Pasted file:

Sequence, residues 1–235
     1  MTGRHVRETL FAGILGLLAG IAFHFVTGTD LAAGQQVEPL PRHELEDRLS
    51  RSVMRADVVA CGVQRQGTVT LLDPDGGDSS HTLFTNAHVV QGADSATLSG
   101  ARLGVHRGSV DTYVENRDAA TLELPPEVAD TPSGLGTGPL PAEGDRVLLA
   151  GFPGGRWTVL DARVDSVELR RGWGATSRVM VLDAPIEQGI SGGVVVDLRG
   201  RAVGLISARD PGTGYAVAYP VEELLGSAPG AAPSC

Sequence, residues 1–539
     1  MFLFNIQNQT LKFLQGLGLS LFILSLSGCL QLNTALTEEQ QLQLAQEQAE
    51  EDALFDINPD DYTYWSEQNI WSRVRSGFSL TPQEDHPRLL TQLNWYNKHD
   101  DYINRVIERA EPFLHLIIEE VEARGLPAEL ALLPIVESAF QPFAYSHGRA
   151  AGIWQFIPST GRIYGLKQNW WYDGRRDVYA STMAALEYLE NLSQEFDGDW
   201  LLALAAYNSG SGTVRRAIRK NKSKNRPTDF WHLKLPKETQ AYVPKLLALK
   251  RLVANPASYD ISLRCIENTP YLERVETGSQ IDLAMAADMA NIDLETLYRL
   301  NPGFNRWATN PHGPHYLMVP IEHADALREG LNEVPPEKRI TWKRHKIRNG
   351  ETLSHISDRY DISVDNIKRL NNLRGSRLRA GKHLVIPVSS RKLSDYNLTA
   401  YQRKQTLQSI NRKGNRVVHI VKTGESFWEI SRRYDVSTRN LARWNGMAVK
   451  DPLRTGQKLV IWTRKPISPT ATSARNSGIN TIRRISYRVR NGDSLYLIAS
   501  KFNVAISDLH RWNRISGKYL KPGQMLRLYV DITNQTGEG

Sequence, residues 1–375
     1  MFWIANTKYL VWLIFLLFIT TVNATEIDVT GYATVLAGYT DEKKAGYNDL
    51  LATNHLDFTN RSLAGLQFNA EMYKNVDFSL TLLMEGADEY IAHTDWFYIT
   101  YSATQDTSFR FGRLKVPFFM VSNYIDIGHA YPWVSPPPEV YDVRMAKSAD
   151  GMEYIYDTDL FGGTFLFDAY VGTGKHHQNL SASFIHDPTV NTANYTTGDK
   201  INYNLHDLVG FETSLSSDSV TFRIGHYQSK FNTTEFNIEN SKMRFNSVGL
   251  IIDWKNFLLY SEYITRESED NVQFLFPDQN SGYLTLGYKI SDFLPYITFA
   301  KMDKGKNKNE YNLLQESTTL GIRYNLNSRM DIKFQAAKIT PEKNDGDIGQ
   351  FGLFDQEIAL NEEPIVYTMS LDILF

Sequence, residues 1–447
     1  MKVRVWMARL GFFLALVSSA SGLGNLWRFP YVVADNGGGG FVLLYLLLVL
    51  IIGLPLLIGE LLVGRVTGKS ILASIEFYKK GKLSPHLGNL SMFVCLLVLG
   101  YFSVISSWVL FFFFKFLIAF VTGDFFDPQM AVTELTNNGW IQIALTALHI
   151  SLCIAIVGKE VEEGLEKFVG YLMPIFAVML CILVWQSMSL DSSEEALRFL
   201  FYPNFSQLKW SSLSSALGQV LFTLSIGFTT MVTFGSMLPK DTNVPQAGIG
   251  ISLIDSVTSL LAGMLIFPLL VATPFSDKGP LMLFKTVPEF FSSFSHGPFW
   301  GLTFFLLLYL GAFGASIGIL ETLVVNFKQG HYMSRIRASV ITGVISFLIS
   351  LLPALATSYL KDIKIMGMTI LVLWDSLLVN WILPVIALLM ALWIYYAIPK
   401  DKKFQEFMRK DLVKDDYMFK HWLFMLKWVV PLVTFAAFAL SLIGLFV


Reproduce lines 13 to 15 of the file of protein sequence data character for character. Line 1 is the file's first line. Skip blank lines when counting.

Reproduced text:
   251  RLVANPASYD ISLRCIENTP YLERVETGSQ IDLAMAADMA NIDLETLYRL
   301  NPGFNRWATN PHGPHYLMVP IEHADALREG LNEVPPEKRI TWKRHKIRNG
   351  ETLSHISDRY DISVDNIKRL NNLRGSRLRA GKHLVIPVSS RKLSDYNLTA